When you have designed the layout of the raised beds and want to calculate costs of filling the beds, take the dimensions
bed width x bed length x bed depth = cubic metre capacity of the beds.
While you can do some base layers of organic matter and larger sticks etc at the bottom of the beds, filling with landscapers mix is a good option. Using soil such as landscapers mix (part topsoil part compost) prevents major compacting further down the line and your beds won’t appear half full because this. A cost effective way of filling the beds is to order the landscapers mix in bulk (per cubic metre) delivered to you. Bulk, loose compost and soil is cheaper than that delivered or purchase in bags. When you are filling the beds with your soil medium, add a few handfuls (measured amount as per package instructions) of organic fertiliser to the soil.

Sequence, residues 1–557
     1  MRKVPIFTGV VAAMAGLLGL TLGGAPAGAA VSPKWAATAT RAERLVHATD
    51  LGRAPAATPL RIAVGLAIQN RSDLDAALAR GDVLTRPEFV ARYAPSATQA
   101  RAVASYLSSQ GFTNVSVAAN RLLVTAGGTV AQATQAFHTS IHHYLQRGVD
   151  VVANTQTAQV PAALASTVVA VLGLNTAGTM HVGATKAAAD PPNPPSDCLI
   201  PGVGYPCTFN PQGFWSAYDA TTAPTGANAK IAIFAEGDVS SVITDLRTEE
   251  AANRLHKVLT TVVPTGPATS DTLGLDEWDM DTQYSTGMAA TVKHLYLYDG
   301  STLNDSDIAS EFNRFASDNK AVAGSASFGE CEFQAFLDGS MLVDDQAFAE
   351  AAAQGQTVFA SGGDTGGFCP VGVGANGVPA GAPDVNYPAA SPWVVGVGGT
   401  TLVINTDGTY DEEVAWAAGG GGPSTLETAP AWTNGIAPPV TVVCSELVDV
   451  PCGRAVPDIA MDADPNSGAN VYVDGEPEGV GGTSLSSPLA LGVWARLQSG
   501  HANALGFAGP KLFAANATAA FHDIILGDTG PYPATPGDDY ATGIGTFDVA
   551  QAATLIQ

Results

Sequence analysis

Examples of different materials used for raised bed sides
Choosing beds in the ground
Creating super fertile beds in the ground is hard work but very rewarding. If you prepare the beds thoroughly and maintain them well you won’t need to redo them for quite some time. But the process can be tricky so keep a few things in mind.
Once you have planned the layout of the beds, demarcate them in the space using string, rope or a hosepipe. Using a sharp space, cut into the earth all along the outline of the beds.